BmoreArt’s Picks presents the best weekly art openings, events, and performances happening in Baltimore and surrounding areas. For a more comprehensive perspective, check the BmoreArt Calendar page, which includes ongoing exhibits and performances, and is updated on a daily basis.

To submit your calendar event, email us at [email protected]!

Manufactured Beauty Spring Lecture Series : Beauty in the DETAILS
Tuesday, March 8th : 7-10pm

MICA, Falvey Hall
1301 West Mt. Royal Avenue : Baltimore 21217

Featuring: Ilias Papageorgiou of SO-IL, New York, NY

llias Papageorgiou has been with SO-IL, a Brooklyn, New York based firm, from its inception in 2008 and has been a partner since 2013. SO-IL brings together extensive experience from fields of architecture, academia and the arts, and aims to be an idea-driven design office.

SO-IL combines minimalist construction with highly contemporary material use creating clean, idiosyncratic space. SO-IL has worked on an array of projects ranging in scale from the master plan of a cultural campus in Shanghai, China to a series of prints for the Guggenheim Museum. The firm has also won numerous awards since its inception for their work and various competitions.

<><><><><><><><>kQkukz8TMake Night: Renaissance Painting – Drawing Under the Surface
Thursday, March 17th : 6-9pm

The Walters Art Museum
600 North Charles Street : Baltimore 21201

This spring, the Walters’ popular Make Night workshops highlight the special exhibition A Renaissance Original: Carlo Crivelli. Each class begins with a free drink and a visit to the galleries, where you will find inspiration for the evening’s art-making activity led by artist Lance Moore.

Get creative and make a drawing in the style of a Renaissance master, then bring your drawing back for the next two Make Night sessions (Pigments & Colors on April 21 and Using Egg Tempera on May 7) to create your own luminous tempera painting.

Outside the Margins: Contemporary Artists’ Books – Reception
Thursday, March 17th : 5-7pm

Julio Fine Arts
Loyola University : Baltimore 21210

Outside the Margins: Contemporary Artists’ Books is a juried show of regional book artists’ work on view in the Loyola-Notre Dame Library. Join us for a reception with the artists on Thursday, March 17, 5-7 p.m. As part of this exhibit, we are also showcasing the St. John’s Bible. There will be a brief talk about the Bible at 6:30 p.m. the night of the reception.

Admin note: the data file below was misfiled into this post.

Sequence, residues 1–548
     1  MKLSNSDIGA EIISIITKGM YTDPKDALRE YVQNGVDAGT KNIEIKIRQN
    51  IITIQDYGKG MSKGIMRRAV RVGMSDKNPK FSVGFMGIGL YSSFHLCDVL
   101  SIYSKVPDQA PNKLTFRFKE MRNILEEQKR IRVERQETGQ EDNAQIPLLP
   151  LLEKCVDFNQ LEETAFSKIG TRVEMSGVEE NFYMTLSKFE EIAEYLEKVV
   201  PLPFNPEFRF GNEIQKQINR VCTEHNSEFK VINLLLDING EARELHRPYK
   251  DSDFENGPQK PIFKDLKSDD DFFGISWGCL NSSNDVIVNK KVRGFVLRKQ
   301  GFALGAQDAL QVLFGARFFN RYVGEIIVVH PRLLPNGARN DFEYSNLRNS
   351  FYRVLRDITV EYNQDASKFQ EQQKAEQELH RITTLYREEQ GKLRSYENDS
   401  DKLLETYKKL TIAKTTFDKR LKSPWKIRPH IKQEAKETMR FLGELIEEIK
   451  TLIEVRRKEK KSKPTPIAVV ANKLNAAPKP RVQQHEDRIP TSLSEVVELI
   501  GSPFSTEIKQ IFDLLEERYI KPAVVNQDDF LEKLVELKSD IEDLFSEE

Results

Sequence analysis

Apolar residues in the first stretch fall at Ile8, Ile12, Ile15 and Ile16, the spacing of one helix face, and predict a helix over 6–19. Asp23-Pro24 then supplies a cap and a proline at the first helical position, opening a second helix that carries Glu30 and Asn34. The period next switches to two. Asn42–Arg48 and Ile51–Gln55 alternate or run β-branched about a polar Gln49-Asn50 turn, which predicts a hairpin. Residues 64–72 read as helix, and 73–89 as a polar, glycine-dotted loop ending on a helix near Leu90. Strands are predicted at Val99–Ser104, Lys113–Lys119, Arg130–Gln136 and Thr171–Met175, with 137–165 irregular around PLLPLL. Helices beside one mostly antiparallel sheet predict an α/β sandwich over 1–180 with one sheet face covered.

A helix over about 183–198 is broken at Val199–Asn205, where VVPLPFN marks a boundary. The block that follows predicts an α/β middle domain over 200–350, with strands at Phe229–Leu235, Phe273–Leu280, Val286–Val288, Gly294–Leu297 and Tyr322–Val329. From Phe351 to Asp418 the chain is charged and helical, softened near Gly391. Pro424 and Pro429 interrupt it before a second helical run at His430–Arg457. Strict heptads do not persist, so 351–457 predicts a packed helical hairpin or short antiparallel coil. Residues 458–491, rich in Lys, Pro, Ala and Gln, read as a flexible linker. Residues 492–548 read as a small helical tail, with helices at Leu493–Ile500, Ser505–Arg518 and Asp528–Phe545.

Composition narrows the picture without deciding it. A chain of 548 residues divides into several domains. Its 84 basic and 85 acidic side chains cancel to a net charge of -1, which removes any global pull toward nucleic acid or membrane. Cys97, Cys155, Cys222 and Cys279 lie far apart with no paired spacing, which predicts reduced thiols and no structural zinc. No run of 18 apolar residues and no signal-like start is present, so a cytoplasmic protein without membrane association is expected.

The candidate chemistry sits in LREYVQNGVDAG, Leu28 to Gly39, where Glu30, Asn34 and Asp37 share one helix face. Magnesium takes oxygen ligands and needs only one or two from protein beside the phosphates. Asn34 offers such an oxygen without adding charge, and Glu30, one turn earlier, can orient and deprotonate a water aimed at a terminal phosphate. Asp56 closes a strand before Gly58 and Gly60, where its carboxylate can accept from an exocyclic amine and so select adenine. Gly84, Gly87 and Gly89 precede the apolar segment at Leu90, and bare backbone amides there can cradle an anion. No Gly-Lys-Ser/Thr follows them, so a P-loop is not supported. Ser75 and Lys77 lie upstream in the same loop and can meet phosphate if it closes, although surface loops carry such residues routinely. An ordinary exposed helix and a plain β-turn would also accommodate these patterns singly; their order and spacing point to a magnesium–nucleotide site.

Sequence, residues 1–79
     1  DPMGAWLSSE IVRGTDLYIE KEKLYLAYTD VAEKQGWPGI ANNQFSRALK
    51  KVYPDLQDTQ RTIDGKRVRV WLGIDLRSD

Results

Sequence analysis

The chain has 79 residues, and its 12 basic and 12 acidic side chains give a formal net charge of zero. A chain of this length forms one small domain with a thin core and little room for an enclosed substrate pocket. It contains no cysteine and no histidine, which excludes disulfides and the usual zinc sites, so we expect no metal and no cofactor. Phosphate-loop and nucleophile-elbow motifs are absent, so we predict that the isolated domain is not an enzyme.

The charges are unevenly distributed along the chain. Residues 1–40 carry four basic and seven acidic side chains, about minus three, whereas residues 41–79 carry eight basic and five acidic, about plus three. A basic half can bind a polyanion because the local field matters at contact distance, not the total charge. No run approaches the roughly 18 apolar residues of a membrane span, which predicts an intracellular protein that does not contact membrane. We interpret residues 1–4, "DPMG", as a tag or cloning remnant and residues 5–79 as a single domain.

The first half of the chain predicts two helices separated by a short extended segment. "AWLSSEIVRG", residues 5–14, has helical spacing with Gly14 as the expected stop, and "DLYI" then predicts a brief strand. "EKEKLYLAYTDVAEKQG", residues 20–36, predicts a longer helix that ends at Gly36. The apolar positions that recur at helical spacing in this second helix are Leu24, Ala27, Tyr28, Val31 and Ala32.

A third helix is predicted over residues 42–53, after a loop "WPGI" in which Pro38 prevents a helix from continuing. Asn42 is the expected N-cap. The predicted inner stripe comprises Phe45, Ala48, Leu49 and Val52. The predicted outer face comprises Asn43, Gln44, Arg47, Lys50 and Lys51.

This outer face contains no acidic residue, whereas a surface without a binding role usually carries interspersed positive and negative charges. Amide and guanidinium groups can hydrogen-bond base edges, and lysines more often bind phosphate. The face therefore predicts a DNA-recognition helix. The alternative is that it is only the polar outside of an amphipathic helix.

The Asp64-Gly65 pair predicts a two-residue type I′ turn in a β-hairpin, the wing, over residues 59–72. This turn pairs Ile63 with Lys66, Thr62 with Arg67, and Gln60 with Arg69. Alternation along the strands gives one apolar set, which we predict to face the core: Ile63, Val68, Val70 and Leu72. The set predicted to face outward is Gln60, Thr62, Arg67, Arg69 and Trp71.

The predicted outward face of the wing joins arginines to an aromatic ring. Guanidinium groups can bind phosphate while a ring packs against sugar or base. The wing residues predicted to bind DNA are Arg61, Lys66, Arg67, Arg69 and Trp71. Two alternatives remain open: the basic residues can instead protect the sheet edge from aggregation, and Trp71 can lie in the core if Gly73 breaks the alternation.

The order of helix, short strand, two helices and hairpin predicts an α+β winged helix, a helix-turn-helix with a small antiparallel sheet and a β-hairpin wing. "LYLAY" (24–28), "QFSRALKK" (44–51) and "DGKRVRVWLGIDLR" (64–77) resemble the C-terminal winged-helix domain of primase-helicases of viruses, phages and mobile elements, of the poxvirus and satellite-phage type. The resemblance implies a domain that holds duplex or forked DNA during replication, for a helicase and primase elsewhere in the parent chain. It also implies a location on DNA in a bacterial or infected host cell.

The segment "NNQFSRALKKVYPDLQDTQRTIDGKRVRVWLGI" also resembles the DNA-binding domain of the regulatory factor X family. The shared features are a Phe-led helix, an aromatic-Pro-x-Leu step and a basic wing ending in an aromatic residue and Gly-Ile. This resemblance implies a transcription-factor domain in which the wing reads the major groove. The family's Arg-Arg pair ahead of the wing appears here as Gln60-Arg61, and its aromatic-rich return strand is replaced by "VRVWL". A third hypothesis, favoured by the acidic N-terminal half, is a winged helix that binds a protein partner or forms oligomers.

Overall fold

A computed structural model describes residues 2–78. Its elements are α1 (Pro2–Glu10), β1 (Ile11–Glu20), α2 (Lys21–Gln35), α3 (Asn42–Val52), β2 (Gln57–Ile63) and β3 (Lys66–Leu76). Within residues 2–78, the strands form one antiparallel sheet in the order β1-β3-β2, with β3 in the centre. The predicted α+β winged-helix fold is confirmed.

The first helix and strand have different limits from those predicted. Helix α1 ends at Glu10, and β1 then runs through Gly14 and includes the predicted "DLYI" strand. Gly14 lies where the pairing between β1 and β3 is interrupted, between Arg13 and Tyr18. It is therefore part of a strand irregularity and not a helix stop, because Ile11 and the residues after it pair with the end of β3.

Paul Johnson will speak about his unique sculptural pop-up books on themes including motorized mobile homes, airplanes and steam locomotives with tall chimneys. There are no folds – all the sections are joined with hinges. Based in England, Paul Johnson is recognized for his pioneering work in developing literacy through the book arts. Johnson is one of the UK’s most distinguished paper engineers. He has received the Colophon Award from the Canadian Bookbinders and Book Artists Guild, and the Portnall Award from the UK Society of Bookbinders. His work is in most major collections in the USA including the Cooper-Hewett Museum in New York and the Library of Congress, Washington DC.

<><><><><><><><>aRZ91vo54 Fine Painters Opening Reception
Friday, March 18th : 6-8pm

Crystal Moll Gallery
1030 South Charles Street : Baltimore 21230

<><><><><><><><>12819186_923264551126512_4781563841450036118_oSunSets Monthly Gathering
Friday, March 18th : 7-10pm

Women’s Exchange
333 North Charles Street : Baltimore 21201

This month, it’s all about VISION. Join us on FRIDAY, March 18th from 7-10PM at The Women’s Exchange’s Abell Room (333 N. Charles Street).


Michelle Antoinette, founder of Brown and Healthy
Brianna Faulkner, visual artist
Walker Marsh, founder of Tha Flower Factory flower farm
Theljon Allen, trumpeter and musical guest

Vending by: A Day N June, vintage clothier

**SunSets is hitting the road for the spring/summer season. Please note this month’s address change.**

As always, bring your good energy, an open mind, and a friend! Free entry. Free wine.

Sporadic Salon Artist Reception and Jazz Performance
Friday, March 18th : 5-8pm

Full Circle Gallery
33 East 21st Street : Baltimore 21218

Join our reception for our 3rd annual anything-goes salon!
Show Dates: February 27 – March 24, 2016
Wine, food, jazz and art. What could be ebtter to welcome in Spring?!
Sax performance by Kenneth Friedman

Artists Include: Geraldine Pontius / Dr. Barbara Young / David Orbock / Russ Bradshaw / Ervin McDaniel / Brad Ziegler / Mary Opasik / Frank-Maurel Asonganyi / Matthew Saindon / Richard Eskin / Alycia Breene / Tom MacIntosh / Brian High / David Paul / Elise Fields / Richard Barbieri / Shannon Finnel / Mary K. Skeen / Sonnie B. Mason / Lane Walbert / Dana Hauprich / Kira Kikla / Peggy Fox / Howard Ehrenfeld / Art Benson / Penny Harris / Josh Sinn / Al Ewing / Lew Fifield / Natalie Nadozirny

<><><><><><><><>iYx80IqiArt After Hours
Friday, March 18th : 7-10pm

Baltimore Museum of Art
10 Art Museum Drive : Baltimore 21218

The first Art After Hours in January sold out in just six days! Non-Member tickets for this event go on sale Tuesday, March 1 at 10 a.m. Experience after hours access to the New Arrivals: Gifts of Art for a New Century exhibition, participate in a New Arrivals Challenge, dance and ‘mortify’ all with an embarrassing childhood memory. For sale throughout the evening are signature Van Gogh Vodka cocktails, beer, wine, and soft drinks, as well as Clementine’s sliders, tacos, and flatbreads. Must be 21+ to attend. Purchase Tickets